As climate change continues to wreak havoc on our planet, scientists are working to develop more efficient and environmentally friendly energy sources. Biological systems could provide an appealing alternative to common petrochemical processes that emit significant amounts of greenhouse gases and other waste. Recent research has resulted in a greater understanding of biochemical pathways and higher rates of chemical production by biological systems.
Recent work by Michael Jewett of Northwestern Engineering and researchers from the University of Texas at Austin has resulted in a greater understanding of biochemical pathways and increased rates of chemical production by biological systems. The findings may bring us closer to implementing environmentally friendly alternatives to the synthesis of materials, fuels, and other oil-derived products.
The paper “An Integrated In Vivo/In Vitro Framework to Enhance Cell-Free Biosynthesis with Metabolically Rewired Yeast Extracts,” published in the journal Nature Communications, describes the development of optimized in vitro biosynthesis (biochemical production) processes that use cell extracts from engineered strains of Saccharomyces cerevisiae (brewer’s yeast). Blake Rasor, a Ph.D. student in Jewett’s lab, co-wrote the paper with Jewett, Walter P. Murphy Professor of Chemical and Biological Engineering at the McCormick School of Engineering. The investigation was carried out in collaboration with Hal Alper’s research group at the University of Texas at Austin.
Our work contributes to a growing body of research that seeks to use cell-free systems derived from crude cell extracts for designing a cellular function, on-demand bio-manufacturing, and portable diagnostics.Blake Rasor
The research was funded by the US Department of Energy Joint Genome Institute’s Emerging Technologies Opportunity Program (ETOP). The ETOP provides funding to kickstart the development of new technologies made available to researchers around the world who use JGI’s user programs to advance energy and environmental applications.
Decades of metabolic research and the development of genetic tools have resulted in S. cerevisiae being a highly controllable framework for biochemical production. This yeast has been engineered to produce a plethora of target molecules used in industrial and therapeutic applications, in addition to its historical applications in baking and brewing.
Cellular production systems, on the other hand, are caught in a tug of war between producing more cells and producing the engineered product. Jewett’s group circumvents these growth and viability constraints by extracting the biological machinery from cells and using the extracted material in cell-free biochemical reactions, allowing them to optimize levers that are difficult to tune in living cells.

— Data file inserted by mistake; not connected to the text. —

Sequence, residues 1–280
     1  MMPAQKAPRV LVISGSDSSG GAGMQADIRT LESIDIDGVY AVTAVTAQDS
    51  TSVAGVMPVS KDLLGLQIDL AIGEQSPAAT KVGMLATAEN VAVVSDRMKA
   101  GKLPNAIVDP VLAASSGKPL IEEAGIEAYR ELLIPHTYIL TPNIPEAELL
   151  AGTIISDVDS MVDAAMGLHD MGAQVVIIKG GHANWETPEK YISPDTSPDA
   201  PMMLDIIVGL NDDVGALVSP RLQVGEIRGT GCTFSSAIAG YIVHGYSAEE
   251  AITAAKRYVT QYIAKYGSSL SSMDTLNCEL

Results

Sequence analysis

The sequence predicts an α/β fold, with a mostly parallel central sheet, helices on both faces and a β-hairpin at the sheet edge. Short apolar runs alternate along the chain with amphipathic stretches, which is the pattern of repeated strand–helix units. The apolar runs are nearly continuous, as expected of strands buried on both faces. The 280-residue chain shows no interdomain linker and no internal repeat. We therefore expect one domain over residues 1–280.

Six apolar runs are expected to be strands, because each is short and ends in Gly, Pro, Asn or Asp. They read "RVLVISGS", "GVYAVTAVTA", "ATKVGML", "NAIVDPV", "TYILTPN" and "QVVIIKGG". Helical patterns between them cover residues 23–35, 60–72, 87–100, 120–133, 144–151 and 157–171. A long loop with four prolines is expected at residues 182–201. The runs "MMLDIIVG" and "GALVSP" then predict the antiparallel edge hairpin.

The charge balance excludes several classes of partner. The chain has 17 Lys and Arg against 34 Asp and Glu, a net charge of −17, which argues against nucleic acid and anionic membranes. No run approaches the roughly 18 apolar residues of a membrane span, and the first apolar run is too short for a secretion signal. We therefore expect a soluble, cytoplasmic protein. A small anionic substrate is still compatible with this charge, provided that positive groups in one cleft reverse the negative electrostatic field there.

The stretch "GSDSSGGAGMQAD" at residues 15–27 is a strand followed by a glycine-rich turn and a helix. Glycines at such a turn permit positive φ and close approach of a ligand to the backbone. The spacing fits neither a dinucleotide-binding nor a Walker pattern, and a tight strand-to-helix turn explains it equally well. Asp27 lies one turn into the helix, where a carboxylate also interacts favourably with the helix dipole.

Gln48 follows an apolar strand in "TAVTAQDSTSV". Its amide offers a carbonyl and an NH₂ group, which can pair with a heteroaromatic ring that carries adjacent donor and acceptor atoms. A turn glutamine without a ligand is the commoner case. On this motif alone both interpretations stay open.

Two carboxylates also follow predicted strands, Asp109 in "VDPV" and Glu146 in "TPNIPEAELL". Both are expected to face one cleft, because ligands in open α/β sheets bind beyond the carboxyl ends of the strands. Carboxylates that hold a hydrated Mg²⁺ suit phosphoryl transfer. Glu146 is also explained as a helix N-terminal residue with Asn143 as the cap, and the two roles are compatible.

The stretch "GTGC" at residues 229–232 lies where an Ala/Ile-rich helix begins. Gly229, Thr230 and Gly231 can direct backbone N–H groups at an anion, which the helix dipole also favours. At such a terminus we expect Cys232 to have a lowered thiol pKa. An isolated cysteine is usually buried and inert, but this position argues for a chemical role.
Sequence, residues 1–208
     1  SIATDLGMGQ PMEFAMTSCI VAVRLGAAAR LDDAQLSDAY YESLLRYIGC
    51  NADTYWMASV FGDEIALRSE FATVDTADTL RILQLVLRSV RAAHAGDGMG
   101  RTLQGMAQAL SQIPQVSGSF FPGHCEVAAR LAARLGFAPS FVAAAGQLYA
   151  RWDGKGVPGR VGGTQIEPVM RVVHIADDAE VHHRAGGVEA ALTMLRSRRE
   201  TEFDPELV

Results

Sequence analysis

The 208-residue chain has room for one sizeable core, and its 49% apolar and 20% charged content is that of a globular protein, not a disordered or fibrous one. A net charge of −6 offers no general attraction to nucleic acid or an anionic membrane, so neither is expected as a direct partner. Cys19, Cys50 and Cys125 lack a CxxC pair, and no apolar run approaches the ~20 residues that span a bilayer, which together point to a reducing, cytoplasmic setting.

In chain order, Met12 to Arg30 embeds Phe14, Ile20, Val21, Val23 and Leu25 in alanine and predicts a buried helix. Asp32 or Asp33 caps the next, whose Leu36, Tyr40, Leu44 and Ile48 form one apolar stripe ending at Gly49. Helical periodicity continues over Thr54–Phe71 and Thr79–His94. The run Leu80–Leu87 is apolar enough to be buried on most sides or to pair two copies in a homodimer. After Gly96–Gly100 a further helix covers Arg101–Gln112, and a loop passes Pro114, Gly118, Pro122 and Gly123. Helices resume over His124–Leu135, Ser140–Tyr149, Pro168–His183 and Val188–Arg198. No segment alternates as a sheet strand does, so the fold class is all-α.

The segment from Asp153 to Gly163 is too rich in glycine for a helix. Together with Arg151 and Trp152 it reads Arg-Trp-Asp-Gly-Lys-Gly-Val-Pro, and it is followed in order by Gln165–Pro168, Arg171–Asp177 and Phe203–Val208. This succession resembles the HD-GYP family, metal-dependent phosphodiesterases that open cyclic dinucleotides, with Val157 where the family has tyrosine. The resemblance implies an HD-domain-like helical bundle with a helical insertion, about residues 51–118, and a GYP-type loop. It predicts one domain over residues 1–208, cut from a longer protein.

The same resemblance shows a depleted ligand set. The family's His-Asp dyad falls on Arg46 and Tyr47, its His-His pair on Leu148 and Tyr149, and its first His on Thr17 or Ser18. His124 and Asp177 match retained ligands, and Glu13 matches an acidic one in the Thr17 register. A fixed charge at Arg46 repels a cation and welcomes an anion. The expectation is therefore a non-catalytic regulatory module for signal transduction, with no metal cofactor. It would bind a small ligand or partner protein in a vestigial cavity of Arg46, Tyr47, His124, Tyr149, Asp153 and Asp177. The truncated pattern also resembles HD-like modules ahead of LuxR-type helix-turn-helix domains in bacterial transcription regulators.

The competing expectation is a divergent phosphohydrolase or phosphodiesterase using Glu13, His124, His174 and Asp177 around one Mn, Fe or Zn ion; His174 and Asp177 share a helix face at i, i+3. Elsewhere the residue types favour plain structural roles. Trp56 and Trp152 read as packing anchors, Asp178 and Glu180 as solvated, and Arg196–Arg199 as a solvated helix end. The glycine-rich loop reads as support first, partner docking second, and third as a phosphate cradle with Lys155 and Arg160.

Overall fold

Previously, cell-free biosynthesis efforts with crude cell extracts relied primarily on unmodified E. coli strains. The researchers broadened the scope of this technique by incorporating S. cerevisiae extracts and cellular metabolic engineering techniques to improve the biosynthetic potential of cell-free reactions. This demonstrates that metabolic rewiring in cells results in extracts with higher volumetric outputs than wildtype (unaltered) extracts and cell cultures.
The cell-free production of three chemical products (butanediol, glycerol, and itaconic acid) at up to ten times the rate of corresponding cellular approaches demonstrates the flexibility and efficacy of integrating cellular engineering with cell-free biosynthesis.
“This could broaden the breadth of biological platforms underpinning sustainability efforts,” Rasor said. “Our work contributes to a growing body of research that seeks to use cell-free systems derived from crude cell extracts for designing a cellular function, on-demand bio-manufacturing, and portable diagnostics,” said Jewett, director of the Center for Synthetic Biology. “These efforts, in fact, are broadening the definition of bio-manufacturing in order to build a sustainable bioeconomy.”
In terms of the next steps, Jewett and his colleagues are expanding on this work for pathway prototyping in the context of altered metabolism as well as cell-free bio-manufacturing to supplement current cell-based approaches.
“Extending the integrated cell/cell-free metabolic engineering strategy to yeast strains producing other value-added biochemical products and scaling up cell-free reactions could pave the way for the development of sustainable, economically viable alternatives to current chemical production processes,” he said.
The current global demand for bioethanol is increasing as a result of limited fossil fuel availability and an increase in the number of ethanol/gasoline flex-fuel vehicles. Furthermore, countries around the world have agreed to reduce carbon dioxide emissions, and the use of ethanol as a fuel (which emits fewer pollutants than petroleum products) has been regarded as a viable alternative to petroleum products.